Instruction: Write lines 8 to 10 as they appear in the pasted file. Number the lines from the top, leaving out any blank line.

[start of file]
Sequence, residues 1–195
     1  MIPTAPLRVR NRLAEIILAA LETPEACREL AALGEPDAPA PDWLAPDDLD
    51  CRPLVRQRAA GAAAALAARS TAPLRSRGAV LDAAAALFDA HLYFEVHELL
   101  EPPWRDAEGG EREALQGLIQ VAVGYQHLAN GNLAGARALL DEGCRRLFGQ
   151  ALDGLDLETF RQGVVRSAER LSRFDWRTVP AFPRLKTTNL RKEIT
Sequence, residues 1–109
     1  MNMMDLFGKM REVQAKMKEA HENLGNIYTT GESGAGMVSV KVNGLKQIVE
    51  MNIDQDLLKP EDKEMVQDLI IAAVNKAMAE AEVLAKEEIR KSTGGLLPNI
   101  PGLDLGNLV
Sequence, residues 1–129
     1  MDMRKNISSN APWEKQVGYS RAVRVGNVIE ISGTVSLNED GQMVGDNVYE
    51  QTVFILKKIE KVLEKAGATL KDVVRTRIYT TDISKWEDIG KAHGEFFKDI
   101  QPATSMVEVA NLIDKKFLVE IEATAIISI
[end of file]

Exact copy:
    51  MNIDQDLLKP EDKEMVQDLI IAAVNKAMAE AEVLAKEEIR KSTGGLLPNI
   101  PGLDLGNLV
Sequence, residues 1–129